By John R. Blake, Jr., Esq.
Use of the condominium form of ownership can be a
creative solution for problematic real estate development. A typical
condominium regime vests ownership of a "unit" in the owner, and the
places ownership of the common elements in a unit owners association.
This arrangement can, in some cases, be employed when developing real
estate by subdivision is problematic.
The condominium regime is created by submitting the
land and any buildings thereon (or any to be constructed thereon) to
the provisions of the applicable state's condominium statute. The owner
creates the condominium by executing and recording an instrument
which submits the land and buildings to the jurisdiction of the
applicable condominium statute, which instrument describes the land,
building, units, common elements and appurtenant rights which make-up
the condominium. The master deed also sets forth the percentage
interest attributable to each unit in the common elements. Governance of
the unit owners association is spelled-out either in the master deed
creating the condominium, or in a separate document such as a
declaration of trust.
The condominium unit is typically described referring
to planes, surfaces, and appurtenant rights. The actual fee ownership
in the unit does not usually include the underlying land on which the
building is situated, and frequently it does not include the structure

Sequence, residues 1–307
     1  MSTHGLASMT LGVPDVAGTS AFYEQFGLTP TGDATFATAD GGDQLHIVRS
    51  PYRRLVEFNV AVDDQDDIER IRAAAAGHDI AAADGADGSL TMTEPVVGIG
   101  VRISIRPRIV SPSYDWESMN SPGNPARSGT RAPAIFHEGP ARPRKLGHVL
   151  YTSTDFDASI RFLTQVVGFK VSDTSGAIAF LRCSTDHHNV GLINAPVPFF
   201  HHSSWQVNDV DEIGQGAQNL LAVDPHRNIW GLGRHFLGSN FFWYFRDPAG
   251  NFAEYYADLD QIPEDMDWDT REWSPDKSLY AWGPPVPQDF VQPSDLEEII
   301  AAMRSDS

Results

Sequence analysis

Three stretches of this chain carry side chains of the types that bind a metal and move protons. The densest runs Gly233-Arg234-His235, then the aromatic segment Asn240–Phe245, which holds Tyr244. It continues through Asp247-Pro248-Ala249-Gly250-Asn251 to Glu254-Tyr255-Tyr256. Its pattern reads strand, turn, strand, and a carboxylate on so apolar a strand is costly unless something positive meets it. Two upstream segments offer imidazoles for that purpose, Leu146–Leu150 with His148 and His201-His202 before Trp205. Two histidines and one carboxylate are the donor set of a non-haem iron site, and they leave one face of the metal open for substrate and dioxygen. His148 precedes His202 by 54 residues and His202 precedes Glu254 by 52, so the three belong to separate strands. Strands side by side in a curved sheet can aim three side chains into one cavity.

of the building of which the unit is a part. Appurtenant to the unit
is a percentage interest in the common areas of the condominium,
ownership of which is vested in the unit owners association.
Unit ownership may also include "exclusive use" areas
within the common elements, made up of portions of the structure or the
land which comprise the common elements. As the name implies,
exclusive use areas are akin to easements, while fee ownership remains
in the unit owners association.
A condominium regime can also be structured so as to
provide unit owners with real estate interests similar to those of a
separate parcel. If the condominium contains several single use
buildings, each building can be designated a separate unit in the master
deed. The land surrounding each unit and necessary for the owner's
use and operation of the property (such as parking areas) can be
designated as part of the unit, or remain part of the common area and
designated as an exclusive use area appurtenant to the unit in the
condominium documents. Driveways within the condominium would be left
as common areas. By including the necessary interests for the use of the
property as appurtenant elements, the "unit" has the character of
separate parcel of land created by a subdivision, but the property does
not go through the subdivision process.
Condominiums can also be phased, such that
construction of the buildings happens in stages. The condominium's
creator (sometimes referred to as the "Declarant") reserves to himself
the right to construct future buildings and to add them to the
condominium either as units or common areas.
One important note: in some municipalities zoning laws
may limit development of property to one principal structure per lot.
In such a case use of the condominium regime is not possible without
zoning relief (if available).
In some cases, a real estate development project
would, on the surface, make sense to follow the conventional form of
ownership where individual parcels of land improved with buildings are